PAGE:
Sarah Stern is the author of the new poetry collection We Have Been Lucky in the Midst of Misfortune. She also has written the poetry collections But Today Is Different and Another Word for Love. For her new book, she visited the southern German village where her mother was born. The book's title was taken from a letter her grandfather, a Jewish German soldier, wrote during World War I. Her mother's family later emigrated to New York, fleeing the Nazis.
Q: Over how long a period did you write the poems in your new collection?
A: What became the center of the book, section two, took me about four years to complete, which includes many revisions; but many of the poems that are in this book and surround this section are from years ago, 20 or more.
I am thrilled that those older poems have a home now. I could not have known this, and it brings me to the idea of patience in poetry. Poems need much patience from us!
Q: The book's title came from a letter your grandfather wrote during World War I. How was the title (also the title of Part II of the book) chosen, and what does it signify for you?
A: The title has a deep irony, as my grandfather, of course, could not have known what lay ahead only a few years later.
One of the things that shocked me the most was visiting the Jewish cemetery in Rexingen and seeing my mother's family's tombstones dating back to the 1600s. My mother's family lived in that town for almost 400 years. I address this in my poem "Moss" within the collection.
And, yes, the cemetery is beautiful, too, and looks over the valley, a valley my mother often spoke of.
But the title for me also signifies the idea of hope in things we can't know. I think of my grandfather, grandmother and mother coming to New York in 1939, beginning again with nothing and living on Audubon Avenue in Washington Heights.
My mother would speak about things that she first noticed in New York, that to her meant freedom—cockroaches, the smell of hot dogs from the cart, and cornflakes!
My grandfather's line—We have been lucky in the midst of misfortune—resonates for me on so many levels, as a daughter of a refugee, as a woman and as an American.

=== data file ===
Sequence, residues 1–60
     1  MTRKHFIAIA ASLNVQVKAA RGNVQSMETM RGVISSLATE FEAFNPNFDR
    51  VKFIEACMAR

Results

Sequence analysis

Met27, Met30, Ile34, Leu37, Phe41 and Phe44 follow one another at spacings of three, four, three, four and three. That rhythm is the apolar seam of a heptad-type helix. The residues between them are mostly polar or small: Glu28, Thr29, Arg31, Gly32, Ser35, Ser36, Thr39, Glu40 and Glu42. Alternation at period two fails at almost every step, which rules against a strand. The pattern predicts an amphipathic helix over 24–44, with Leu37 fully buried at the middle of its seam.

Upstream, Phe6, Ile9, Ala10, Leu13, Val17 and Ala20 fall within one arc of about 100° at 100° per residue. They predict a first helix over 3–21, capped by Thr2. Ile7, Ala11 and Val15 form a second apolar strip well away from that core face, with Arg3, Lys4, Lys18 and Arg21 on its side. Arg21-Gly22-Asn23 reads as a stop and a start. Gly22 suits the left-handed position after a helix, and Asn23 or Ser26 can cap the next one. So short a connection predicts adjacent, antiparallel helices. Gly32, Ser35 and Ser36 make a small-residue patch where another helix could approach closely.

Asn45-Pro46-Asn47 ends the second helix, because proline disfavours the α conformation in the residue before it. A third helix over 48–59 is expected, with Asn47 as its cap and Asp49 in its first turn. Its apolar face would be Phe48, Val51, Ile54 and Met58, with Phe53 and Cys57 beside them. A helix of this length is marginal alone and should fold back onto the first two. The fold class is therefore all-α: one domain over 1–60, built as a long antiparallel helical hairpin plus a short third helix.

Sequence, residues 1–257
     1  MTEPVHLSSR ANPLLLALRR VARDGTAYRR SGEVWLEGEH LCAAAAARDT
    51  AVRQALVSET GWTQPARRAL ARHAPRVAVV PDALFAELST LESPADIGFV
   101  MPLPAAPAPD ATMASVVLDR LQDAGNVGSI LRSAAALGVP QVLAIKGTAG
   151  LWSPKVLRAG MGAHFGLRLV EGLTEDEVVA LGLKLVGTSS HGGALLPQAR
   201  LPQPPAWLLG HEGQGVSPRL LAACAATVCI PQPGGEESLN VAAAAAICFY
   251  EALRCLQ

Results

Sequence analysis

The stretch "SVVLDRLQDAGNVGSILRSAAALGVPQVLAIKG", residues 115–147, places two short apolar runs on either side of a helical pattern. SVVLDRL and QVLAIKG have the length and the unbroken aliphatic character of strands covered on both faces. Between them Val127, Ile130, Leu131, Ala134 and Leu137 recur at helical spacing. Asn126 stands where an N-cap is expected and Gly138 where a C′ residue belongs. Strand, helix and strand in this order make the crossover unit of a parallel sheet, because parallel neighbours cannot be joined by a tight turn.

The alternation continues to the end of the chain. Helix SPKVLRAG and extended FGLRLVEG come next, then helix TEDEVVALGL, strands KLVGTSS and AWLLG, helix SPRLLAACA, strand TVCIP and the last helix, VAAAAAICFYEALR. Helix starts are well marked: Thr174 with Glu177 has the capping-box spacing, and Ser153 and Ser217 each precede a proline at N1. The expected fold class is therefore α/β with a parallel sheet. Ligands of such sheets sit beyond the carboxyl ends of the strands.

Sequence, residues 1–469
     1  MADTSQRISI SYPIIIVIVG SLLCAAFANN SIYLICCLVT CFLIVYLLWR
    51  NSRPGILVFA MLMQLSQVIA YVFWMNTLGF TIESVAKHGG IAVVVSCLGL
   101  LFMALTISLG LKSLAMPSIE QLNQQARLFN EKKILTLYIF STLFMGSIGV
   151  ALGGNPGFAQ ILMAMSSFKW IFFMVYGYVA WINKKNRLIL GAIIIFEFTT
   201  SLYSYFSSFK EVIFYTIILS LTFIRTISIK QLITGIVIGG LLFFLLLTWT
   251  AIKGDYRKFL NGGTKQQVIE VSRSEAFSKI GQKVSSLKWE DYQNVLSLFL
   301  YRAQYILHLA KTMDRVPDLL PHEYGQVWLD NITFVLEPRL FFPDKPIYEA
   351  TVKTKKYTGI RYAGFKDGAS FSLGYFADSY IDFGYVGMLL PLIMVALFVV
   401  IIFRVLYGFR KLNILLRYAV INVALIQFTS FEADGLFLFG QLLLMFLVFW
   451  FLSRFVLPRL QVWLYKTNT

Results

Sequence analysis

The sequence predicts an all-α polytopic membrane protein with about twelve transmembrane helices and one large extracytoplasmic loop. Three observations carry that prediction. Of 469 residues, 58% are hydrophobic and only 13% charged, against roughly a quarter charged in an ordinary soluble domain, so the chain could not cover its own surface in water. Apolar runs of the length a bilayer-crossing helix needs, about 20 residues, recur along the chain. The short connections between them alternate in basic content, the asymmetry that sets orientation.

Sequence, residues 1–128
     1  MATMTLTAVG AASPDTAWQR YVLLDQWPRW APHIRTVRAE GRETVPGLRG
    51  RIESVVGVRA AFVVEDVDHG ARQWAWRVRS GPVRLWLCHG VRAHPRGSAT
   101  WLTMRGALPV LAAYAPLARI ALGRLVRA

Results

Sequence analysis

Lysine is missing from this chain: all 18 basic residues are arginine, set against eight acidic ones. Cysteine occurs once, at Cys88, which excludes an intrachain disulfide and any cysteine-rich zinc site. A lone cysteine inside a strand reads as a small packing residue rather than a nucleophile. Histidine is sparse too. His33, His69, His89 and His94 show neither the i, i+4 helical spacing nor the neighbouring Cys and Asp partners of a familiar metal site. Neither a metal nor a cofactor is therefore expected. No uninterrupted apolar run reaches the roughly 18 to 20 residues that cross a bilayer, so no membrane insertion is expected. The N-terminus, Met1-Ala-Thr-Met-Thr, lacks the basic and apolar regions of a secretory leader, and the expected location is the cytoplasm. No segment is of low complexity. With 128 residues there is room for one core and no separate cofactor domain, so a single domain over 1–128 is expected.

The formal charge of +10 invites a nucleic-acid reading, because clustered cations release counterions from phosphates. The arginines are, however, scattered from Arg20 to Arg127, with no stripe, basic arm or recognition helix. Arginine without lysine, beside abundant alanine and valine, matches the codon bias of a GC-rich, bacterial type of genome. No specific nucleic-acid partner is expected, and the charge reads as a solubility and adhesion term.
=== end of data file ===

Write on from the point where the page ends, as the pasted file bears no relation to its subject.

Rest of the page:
Q: How did you decide on the order of the poems in the collection?
A: I struggled with the order of the poems as I felt that the poems very much talked to each other as I was ordering the collection, and I wanted to be sure that the reader heard the conversations that I was hearing amongst the poems.
Once I decided on which poems would be in the book, I laid all of them out on my living room floor and left them there over a few days. It helped me a lot to see them spread out and next to each other. From that process, I realized that there would be six sections and that the book would start in the present and move back in time. That's mostly true.
Q: Do you see any themes that link the poems in this book?
A: Yes, the title "We Have Been Lucky in the Midst of Misfortune" links the themes of the book—the tremendous loss that occurred as a result of the Holocaust, and what it was like to grow up the only daughter in a family of seven with six older brothers.
In many of my poems, I explore the grief that I experienced through my mother that seeped into everything—even into the intense joy and appreciation that she had for being alive. I have always been interested in the ripple of her grief and loss that I felt, and often had no name for, and how it profoundly shaped who I am.
Another theme that I feel runs through the book is one of redemption—how do you go on and make a life that's new and hopeful. One of the sections, "The Little Room," is a series on the process of psychotherapy with a nod to Mister Rogers.
An additional theme is gratitude, particularly for my parents and the framework by which they left me to see the world.
Poetry, for me, has a unique way of addressing all these themes—a way of coming at things from many different directions and hopefully leaving the reader with a new truth and remembrance.
Q: What are you working on now?
A: I'm starting to work on a new collection. It's exciting to begin to think of a new project.
Q: Anything else we should know?
A: I want to say a special thank you to my publisher, Kelsay Books. I feel very thankful that this book is in the world, and that the poems, all 71 of them, will always be together.
--Interview with Deborah Kalb